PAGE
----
This structure of communication also makes it easy for the mainstream media to pick up on POC responses to national incidents. Reporters don't have to dig through a lot of discussion and process its implications to know what POC bloggers are thinking. They just aggregate the most popular bloggers and do a keyword search for the controversy du jour, and bingo, insta-quote. So in this way, POC can come closer to the mainstream media.

All this is great. But.

The negative result of this is that POC A/R blogs tend to accept, without thought or discussion, that the white-dominated media and mainstream culture gets to initiate action and discussion, and the POC A/R online media's role is merely to respond to this discourse, and not to control it or be a partner in shaping it.

This is fine when an injustice happens -- as in Jena -- and must be addressed quickly. These sorts of things happen all the time, so having a structure in place to deal with these things -- to remedy actual injustices as they happen -- is important. But it does not move the discourse on race forward. It unconsciously takes for granted that POC have no initiative in the world. In the call and response of the mainstream media discourse, POC have only a response, not a call. And as we all know, whoever calls, rules.

I say _________, you say "racist"

Mr. Patel!

If you look back on any effective movement of the 20th century (suffrage, civil rights, Vietnam) their communication structure all had these things in common:

  1. A clear, articulated overall goal towards which all participants were willing to work for years.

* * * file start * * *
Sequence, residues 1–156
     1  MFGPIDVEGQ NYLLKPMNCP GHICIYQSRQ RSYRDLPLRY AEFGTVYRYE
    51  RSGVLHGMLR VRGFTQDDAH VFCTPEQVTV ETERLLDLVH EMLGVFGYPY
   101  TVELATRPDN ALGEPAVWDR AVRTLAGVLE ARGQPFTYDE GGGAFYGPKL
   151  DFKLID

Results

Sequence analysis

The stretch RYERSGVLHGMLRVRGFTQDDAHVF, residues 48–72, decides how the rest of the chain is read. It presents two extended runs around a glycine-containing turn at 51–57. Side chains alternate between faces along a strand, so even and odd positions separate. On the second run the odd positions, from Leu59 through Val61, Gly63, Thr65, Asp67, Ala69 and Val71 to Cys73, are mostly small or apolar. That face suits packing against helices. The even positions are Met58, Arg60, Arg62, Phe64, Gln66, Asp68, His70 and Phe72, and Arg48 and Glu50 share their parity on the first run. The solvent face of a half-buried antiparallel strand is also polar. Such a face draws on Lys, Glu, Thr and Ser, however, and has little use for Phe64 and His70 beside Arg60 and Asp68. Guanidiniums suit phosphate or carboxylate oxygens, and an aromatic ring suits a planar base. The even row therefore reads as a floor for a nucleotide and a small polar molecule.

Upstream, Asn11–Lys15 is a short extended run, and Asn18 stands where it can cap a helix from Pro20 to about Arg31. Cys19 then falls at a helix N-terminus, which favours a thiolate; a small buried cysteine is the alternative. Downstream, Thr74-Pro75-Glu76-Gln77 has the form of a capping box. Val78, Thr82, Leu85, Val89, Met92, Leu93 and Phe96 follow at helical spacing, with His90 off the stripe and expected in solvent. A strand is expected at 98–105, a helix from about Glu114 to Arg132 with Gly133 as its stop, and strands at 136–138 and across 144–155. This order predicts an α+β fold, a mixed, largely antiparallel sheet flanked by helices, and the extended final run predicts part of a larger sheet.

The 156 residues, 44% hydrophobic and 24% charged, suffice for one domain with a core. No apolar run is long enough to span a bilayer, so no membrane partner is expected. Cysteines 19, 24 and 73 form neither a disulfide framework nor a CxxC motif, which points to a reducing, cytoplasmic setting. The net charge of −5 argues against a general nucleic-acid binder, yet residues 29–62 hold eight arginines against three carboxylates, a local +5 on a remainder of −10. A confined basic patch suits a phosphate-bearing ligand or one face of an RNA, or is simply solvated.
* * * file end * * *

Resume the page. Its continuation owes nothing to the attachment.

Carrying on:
2. A set, but evolving discourse and vocabulary, which the movement controlled.
  3. Media: alternative media organs (papers and magazines) dedicated to promoting this message and discourse; and, over time, allies in the mainstream media dedicated to promoting this message and discourse.
  4. The necessity of responding deliberately and thoughtfully, owing to the lack of instantaneous communications technology. Because everything written was printed and had to be edited and proofread, everything broadcast had to be accepted by media corporations and could be heavily controlled, the message and discourse were very polished, thoughtful, respectful, and carefully tailored to appeal to listeners who may have held a differing opinion.

If you think about it, OPP simply cannot exist in a movement in which the above conditions obtain. Chaos and Freedom are the twin faces of the same internet beast. The viral responsiveness and speed of protests like Jena 6 and A&F owes to the Freedom face. The lack of a goal, a message, a discourse, and deliberate or thoughtful response owes to the Chaos face. Although there's more than one argument to be made here, I would contend that the POC Antiracist blogosphere is not a movement, it is merely a community.